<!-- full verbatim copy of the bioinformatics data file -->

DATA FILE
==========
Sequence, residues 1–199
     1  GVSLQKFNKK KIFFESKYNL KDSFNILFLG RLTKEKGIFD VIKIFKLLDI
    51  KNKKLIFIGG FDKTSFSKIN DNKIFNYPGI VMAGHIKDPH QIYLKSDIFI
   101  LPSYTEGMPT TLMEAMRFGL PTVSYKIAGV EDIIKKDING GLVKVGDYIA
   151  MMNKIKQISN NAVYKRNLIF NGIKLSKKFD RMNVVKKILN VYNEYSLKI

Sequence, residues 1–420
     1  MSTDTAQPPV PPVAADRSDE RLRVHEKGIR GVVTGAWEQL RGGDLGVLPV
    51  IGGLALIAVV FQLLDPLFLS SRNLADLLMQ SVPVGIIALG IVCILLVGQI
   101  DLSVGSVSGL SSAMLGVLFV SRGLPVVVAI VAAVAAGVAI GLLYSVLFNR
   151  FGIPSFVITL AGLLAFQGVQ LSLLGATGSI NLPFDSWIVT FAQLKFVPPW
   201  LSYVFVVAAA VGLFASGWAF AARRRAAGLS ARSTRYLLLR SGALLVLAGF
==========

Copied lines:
Sequence, residues 1–199
     1  GVSLQKFNKK KIFFESKYNL KDSFNILFLG RLTKEKGIFD VIKIFKLLDI
    51  KNKKLIFIGG FDKTSFSKIN DNKIFNYPGI VMAGHIKDPH QIYLKSDIFI
   101  LPSYTEGMPT TLMEAMRFGL PTVSYKIAGV EDIIKKDING GLVKVGDYIA
   151  MMNKIKQISN NAVYKRNLIF NGIKLSKKFD RMNVVKKILN VYNEYSLKI

Sequence, residues 1–420
     1  MSTDTAQPPV PPVAADRSDE RLRVHEKGIR GVVTGAWEQL RGGDLGVLPV
    51  IGGLALIAVV FQLLDPLFLS SRNLADLLMQ SVPVGIIALG IVCILLVGQI
   101  DLSVGSVSGL SSAMLGVLFV SRGLPVVVAI VAAVAAGVAI GLLYSVLFNR
   151  FGIPSFVITL AGLLAFQGVQ LSLLGATGSI NLPFDSWIVT FAQLKFVPPW
   201  LSYVFVVAAA VGLFASGWAF AARRRAAGLS ARSTRYLLLR SGALLVLAGF